Three ex-Met Police officers involved in a drugs conspiracy have lost their appeal against conviction.
Thomas Kingston, Thomas Reynolds and Terence O'Connell, who all served in the Met's South East Regional Crime Squad (SERCS), were jailed in August 2000 after a trial which heard key prosecution evidence from former colleague Neil Putnam.
Their case was referred to the Court of Appeal by the Criminal Cases Review Commission (CCRC) on the grounds that, since the trial and an unsuccessful appeal, Putnam had made unsubstantiated claims relating to the Stephen Lawrence case and there were doubts over his credibility and reliability.
Putnam was a police officer in the Met for 22 years but, in February 2000, he was sentenced to a prison term of three years and 11 months for corruption. He had previously entered the witness protection programme and became a police supergrass.
Kingston and Reynolds were convicted of conspiracy to supply amphetamines and jailed for three and a half years while O'Connell was sentenced to two years for perverting the course of justice.
Today, Lady Justice Rafferty, Mr Justice Burnett and Mr Justice Holroyde rejected argument that the convictions were unsafe and dismissed the appeal.
The court heard that, in 2006, Putnam made an allegation in a BBC Panorama programme of a corrupt link between an officer in the Lawrence case, detective sergeant John Davidson, and Clifford Norris - the father of David Norris, one of the suspects later convicted of Stephen's murder.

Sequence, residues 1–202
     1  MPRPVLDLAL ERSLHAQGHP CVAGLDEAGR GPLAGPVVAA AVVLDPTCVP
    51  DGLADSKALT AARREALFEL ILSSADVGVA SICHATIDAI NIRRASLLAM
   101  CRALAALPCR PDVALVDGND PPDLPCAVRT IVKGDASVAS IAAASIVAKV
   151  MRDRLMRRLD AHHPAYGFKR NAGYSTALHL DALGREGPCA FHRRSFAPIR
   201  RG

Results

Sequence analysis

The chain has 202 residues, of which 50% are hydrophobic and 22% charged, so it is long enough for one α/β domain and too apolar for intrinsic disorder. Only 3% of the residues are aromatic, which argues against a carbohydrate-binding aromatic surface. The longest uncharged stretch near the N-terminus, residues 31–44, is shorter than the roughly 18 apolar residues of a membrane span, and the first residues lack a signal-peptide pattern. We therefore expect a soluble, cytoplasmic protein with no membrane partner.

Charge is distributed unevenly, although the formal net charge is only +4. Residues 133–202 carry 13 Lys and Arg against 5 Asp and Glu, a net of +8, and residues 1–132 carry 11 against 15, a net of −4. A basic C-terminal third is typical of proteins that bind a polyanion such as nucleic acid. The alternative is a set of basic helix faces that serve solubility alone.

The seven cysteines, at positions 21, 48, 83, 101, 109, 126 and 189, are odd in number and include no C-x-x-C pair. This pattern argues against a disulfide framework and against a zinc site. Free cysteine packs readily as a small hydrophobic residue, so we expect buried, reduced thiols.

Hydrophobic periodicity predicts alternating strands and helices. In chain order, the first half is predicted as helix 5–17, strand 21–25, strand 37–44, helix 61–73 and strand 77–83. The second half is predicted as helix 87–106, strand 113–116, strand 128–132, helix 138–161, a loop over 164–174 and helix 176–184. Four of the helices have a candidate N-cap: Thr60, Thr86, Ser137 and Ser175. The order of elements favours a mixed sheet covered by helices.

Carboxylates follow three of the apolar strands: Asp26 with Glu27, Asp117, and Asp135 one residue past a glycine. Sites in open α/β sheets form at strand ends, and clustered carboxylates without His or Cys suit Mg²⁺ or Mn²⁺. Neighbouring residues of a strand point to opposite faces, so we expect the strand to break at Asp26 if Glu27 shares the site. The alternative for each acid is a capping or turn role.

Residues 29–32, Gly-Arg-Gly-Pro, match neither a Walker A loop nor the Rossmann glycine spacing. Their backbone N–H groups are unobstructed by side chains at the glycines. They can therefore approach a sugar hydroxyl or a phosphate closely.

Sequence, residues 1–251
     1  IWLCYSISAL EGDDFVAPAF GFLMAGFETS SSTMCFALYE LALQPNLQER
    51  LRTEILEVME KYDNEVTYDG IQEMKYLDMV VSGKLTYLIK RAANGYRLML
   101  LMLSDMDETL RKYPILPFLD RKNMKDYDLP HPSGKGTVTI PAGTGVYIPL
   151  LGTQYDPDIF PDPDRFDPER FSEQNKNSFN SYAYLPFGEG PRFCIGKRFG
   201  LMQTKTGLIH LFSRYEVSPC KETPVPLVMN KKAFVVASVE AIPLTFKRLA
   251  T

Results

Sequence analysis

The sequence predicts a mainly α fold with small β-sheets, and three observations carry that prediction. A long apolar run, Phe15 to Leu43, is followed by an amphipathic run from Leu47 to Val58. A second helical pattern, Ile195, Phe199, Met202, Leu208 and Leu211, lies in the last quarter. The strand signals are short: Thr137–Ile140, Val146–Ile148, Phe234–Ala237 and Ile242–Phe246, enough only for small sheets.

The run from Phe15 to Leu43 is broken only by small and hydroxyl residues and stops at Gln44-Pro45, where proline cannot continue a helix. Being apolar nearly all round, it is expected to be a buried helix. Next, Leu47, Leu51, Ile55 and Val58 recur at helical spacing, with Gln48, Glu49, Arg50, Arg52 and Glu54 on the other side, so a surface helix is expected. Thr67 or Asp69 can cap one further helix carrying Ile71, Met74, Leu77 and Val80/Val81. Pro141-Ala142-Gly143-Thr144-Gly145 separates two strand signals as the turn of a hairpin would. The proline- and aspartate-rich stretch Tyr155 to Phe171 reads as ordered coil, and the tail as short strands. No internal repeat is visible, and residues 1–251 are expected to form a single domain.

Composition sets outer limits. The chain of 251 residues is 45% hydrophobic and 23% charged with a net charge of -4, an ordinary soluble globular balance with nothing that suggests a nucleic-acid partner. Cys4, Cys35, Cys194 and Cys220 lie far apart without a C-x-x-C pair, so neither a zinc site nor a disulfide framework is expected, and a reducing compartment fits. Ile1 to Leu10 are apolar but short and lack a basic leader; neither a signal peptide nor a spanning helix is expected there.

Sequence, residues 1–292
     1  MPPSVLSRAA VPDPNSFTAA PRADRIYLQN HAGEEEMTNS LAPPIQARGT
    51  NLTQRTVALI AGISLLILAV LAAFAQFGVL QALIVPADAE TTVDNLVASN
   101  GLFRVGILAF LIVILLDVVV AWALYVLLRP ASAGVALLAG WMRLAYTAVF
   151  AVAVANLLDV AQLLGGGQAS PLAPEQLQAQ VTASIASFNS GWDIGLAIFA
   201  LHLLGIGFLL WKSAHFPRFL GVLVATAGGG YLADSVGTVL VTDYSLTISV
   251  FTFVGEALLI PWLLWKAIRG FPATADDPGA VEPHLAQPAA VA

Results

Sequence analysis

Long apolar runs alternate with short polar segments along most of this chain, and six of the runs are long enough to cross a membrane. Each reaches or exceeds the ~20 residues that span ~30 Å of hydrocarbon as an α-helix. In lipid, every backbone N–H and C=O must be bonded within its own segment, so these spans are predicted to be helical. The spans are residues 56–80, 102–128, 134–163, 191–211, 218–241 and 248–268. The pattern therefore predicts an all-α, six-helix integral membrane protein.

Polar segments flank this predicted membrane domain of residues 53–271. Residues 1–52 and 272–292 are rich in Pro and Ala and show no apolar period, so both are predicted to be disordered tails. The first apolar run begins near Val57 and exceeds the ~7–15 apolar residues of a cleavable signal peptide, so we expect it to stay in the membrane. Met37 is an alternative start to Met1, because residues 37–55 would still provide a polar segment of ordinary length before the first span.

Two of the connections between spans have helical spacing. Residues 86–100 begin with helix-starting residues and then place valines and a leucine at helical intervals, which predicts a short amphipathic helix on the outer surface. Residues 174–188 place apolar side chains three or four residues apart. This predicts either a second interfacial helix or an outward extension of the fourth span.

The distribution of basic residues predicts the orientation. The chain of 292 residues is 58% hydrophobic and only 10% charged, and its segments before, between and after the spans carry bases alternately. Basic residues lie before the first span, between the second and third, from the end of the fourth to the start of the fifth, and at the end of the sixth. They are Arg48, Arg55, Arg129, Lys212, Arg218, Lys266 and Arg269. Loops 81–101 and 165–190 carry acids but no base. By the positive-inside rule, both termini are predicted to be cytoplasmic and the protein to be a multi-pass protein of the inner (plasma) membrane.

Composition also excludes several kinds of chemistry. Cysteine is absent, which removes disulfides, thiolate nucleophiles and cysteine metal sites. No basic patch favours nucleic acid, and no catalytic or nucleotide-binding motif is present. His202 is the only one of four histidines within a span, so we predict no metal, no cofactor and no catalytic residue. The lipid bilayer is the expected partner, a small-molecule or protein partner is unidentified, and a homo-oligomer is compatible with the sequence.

He claimed he had told Met officers about this in 1998, but they failed to act upon it.
An investigation by the Independent Police Complaints Commission (IPCC) found the allegations unsubstantiated and the CCRC has said that it has found nothing which lends support to them.
Alun Jones QC, for the former officers, said the appeal judges were confronted by the stark possibility that there was either a conspiracy by senior Met officers to suppress evidence or Putnam was a determined liar, but Crown counsel Crispin Aylett QC said the convictions were safe and nothing t he appellants had been able to produce could undermine them.
Giving their ruling, Lady Justice Rafferty said that, from start to finish, Putnam was advanced as thoroughly corrupt and dishonest and as admitting six offences of perjury. His Panorama stance would be seen as the seventh, and nothing more.
"He was at the time of the appellants' trial known to be devious, a skilled liar, out to advance his own position where he thought he could, and capable of prodigious feats of recall.
"The addition to that opprobrium of one allegation against Davidson, once explored, would not in the scheme of things have been of the significance necessary to cast doubt upon the safety of their convictions."